There are moments when you wonder if you're doing your job the right way. We all have them. In this job, you might get an email from an editor, or even an astute reader, who asks if you took a specific fact or angle or possibility into consideration when you sat down to write, because if you had - and you have to admit this to yourself - your piece would have been stronger for it. You might come across an impressive piece of writing/reporting, perhaps from an event or on a subject that you cover, and you say to yourself, Why didn't I write that? I should have written that. And you shake your head and brood as you sip your morning coffee.
Even within all that self-doubt, though, those moments generally have the same effect. They inspire you to resolve to do better the next time. You'll work the phones more. You'll linger in the locker room for a few extra minutes to get that exclusive quote. You'll take longer to think through your position before filing that next column. But the parameters and basics of the job will remain the same. You'll still cover, mostly, the teams from your city or region. You'll talk to people. You'll record what they say. You'll do your research. You'll tell a story or offer an opinion. You'll enjoy tomorrow's cup of coffee. Ob-La-Di, Ob-La-Da. It's not often that such moments compel you to re-evaluate the entire nature of your profession.
A recent moment did. I read Dueling With Kings, a book by sportswriter Daniel Barbarisi about his yearlong immersion in the world of daily fantasy sports. Barbarisi focuses on the rivalry between DraftKings and FanDuel on his way to becoming a "shark" himself in daily fantasy hockey, and I came away from the book asking myself a question: What is the right way to do my job?
In full disclosure, Barbarisi is a friend and former coworker of mine. If someone I didn't know had written the same book, I don't know that I would have read it. I had been familiar with daily fantasy sports but only tangentially, and my enjoyment of Dueling With Kings was born not only of Barbarisi's Plimptonesque participatory journalism but of my picturing him sweating out the final seconds of a Blues-Senators game with thousands of dollars on the line.
But the most revealing moment of the narrative, for me, came early on, when Barbarisi first dabbled in daily fantasy through the sport he was covering: baseball. In deciding whether to put Pittsburgh Pirates pitcher Francisco Liriano on his roster one night, Barbarisi texted Pirates catcher Chris Stewart, whom Barbarisi had covered when Stewart was with the Yankees, for a scouting report on Liriano. Stewart gave him some positive insight. Barbarisi started Liriano on his fantasy team. Liriano got hammered.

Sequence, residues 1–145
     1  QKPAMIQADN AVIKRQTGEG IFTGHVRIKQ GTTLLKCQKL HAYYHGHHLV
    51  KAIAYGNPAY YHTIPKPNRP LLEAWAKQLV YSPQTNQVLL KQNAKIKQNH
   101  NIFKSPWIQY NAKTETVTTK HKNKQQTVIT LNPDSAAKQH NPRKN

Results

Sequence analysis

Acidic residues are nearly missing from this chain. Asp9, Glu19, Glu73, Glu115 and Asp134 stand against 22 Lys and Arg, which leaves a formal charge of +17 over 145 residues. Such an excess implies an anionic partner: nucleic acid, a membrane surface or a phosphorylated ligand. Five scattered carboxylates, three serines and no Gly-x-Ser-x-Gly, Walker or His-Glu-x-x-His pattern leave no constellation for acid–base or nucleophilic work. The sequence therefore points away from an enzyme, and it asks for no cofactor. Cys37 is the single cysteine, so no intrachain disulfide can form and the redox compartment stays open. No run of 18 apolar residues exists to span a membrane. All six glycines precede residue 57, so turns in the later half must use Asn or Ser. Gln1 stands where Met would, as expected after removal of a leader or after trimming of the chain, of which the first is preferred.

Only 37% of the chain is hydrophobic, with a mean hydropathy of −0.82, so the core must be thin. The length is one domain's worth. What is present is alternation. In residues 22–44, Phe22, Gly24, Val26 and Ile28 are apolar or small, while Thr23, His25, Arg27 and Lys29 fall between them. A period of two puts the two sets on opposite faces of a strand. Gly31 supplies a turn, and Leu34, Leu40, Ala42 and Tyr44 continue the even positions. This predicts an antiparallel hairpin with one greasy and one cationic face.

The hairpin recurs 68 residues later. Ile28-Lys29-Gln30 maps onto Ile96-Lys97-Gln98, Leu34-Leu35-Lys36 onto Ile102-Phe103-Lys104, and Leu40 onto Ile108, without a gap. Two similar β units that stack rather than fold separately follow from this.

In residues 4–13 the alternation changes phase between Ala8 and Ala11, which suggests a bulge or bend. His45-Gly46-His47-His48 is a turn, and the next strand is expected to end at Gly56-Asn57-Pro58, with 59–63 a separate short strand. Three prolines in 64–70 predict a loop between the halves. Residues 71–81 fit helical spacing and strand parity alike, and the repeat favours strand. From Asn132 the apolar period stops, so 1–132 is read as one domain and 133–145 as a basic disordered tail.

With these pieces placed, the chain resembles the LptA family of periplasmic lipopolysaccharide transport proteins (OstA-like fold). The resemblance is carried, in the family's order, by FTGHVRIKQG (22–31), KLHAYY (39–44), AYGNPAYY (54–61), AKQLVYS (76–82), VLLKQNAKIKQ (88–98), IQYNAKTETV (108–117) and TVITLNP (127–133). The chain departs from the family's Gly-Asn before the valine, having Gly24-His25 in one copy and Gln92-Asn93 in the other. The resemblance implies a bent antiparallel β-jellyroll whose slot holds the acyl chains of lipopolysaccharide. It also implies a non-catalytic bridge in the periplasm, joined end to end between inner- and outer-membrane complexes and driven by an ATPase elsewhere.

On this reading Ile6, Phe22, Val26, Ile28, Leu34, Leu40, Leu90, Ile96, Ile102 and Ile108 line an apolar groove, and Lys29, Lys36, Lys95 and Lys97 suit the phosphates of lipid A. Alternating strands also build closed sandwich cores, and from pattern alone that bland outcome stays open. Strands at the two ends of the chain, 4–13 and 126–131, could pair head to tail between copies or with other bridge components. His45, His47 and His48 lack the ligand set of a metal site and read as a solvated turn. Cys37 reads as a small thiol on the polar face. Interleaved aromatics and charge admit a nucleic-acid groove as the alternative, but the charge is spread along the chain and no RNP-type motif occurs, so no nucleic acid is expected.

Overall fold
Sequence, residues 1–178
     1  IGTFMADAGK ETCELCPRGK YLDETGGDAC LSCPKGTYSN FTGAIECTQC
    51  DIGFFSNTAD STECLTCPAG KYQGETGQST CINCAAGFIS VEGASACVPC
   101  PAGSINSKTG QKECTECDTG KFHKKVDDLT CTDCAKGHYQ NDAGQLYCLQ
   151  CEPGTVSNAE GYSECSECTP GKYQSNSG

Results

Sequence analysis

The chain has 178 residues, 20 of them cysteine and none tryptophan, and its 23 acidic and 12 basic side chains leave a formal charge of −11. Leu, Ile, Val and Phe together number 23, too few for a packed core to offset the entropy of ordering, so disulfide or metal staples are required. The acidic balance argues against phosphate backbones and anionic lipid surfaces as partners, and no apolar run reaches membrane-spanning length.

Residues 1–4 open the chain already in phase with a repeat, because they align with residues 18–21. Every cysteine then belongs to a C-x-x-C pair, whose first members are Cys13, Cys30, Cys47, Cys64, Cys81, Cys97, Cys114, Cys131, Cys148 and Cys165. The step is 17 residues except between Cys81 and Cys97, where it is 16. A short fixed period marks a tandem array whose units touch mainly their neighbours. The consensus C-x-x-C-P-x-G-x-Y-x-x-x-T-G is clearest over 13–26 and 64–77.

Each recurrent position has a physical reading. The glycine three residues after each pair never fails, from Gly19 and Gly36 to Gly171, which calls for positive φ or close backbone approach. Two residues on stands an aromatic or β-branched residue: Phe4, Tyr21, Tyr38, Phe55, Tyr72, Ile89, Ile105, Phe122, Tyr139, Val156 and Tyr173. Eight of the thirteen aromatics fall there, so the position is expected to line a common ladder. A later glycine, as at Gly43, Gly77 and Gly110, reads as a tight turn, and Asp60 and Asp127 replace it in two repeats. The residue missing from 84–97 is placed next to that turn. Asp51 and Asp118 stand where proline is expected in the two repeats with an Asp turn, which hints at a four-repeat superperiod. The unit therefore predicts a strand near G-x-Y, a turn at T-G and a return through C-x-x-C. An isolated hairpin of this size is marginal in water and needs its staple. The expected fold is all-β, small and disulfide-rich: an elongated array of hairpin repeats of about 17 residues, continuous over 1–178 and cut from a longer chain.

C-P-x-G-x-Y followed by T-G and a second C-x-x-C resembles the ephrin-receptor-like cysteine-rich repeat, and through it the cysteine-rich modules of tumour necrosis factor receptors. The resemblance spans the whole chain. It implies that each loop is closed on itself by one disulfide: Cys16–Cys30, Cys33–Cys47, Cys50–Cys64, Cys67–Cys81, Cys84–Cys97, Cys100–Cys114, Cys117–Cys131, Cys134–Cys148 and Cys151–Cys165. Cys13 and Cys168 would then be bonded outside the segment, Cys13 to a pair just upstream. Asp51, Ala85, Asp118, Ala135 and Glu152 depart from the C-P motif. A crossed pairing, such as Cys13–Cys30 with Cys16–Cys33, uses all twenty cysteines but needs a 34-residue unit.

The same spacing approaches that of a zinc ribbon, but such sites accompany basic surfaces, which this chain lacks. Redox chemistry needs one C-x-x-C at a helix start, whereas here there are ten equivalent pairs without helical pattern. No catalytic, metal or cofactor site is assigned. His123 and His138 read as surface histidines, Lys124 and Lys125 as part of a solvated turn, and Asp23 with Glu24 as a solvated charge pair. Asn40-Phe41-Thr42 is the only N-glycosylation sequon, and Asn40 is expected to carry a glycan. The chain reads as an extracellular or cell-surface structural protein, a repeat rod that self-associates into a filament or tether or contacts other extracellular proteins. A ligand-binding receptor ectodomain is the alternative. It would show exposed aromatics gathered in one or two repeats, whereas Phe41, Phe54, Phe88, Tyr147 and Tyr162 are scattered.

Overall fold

"I thought my insider baseball knowledge would give me a leg up," Barbarisi writes. "But in reality, it's next to useless."
This is no small thing where sports coverage is concerned, because daily fantasy sports is no small thing. At what was likely the peak of the daily fantasy industry, Barbarisi notes, DraftKings was valued at $1 billion in 2015. That's a lot of people who follow sports but who don't consume sports news or information in any traditional sense. In the world of daily fantasy sports, no one really cares if the Eagles are under the salary cap, if Dario Saric and T.J. McConnell are good friends or the best of friends, if the Phillies are going to pick up Pete Mackanin's club option for 2018. In that world, no one really cares about the teams or athletes themselves - not in any skin-and-blood sense.
The sharks use algorithms, aggregations, and projections to formulate their lineups, collect their winnings, and maintain their interest. As Barbarisi came to understand and experience, they're desperate to know, for example, what the Flyers' line combinations will be for a particular game against a particular opponent. It's all a puzzle to be solved, a super-machine to be revved up.
Jerry Seinfeld once joked that in modern pro sports, players change teams so frequently that we basically root for laundry. But that's not completely true anymore. Many of us barely look at the laundry. Many of us root for our spreadsheets, and it's hard to dispute that more mainstream sports coverage should reflect that reality. Is it enough just to tweet the inactive players before an Eagles-Giants game? What if, for all this storytelling and news-breaking and opinion-offering, we're actually the niche, or eventually will be?
"It's not a subculture; it's a culture," Barbarisi said in a recent telephone interview. "As a country, we're moving toward a greater acceptance of sports gambling. With that comes a devaluing of the team and a valuing of the individual, which is tied to the larger concept of the individual versus the group. Look at social media. We are all entitled to have the loudest and best opinion, and in sports, people want the ability to know how it all impacts me. So it makes sense to tailor coverage to the individual. Even as a local paper, team, team, team matters. But I think it's moving away from that and more to 'How does this sport gratify me?' "
The leagues themselves love this movement, because in regions of the country that don't have devoted local fan bases, people care about games to which they otherwise wouldn't pay attention. Barbarisi acknowledged that cities such as Philadelphia and Boston, where parochialism and team loyalty are strong, will be levees against this tide, but not forever. "Enjoy the run," he said. Thanks, Dan. Now, please pass the cream, and leave me alone for a while.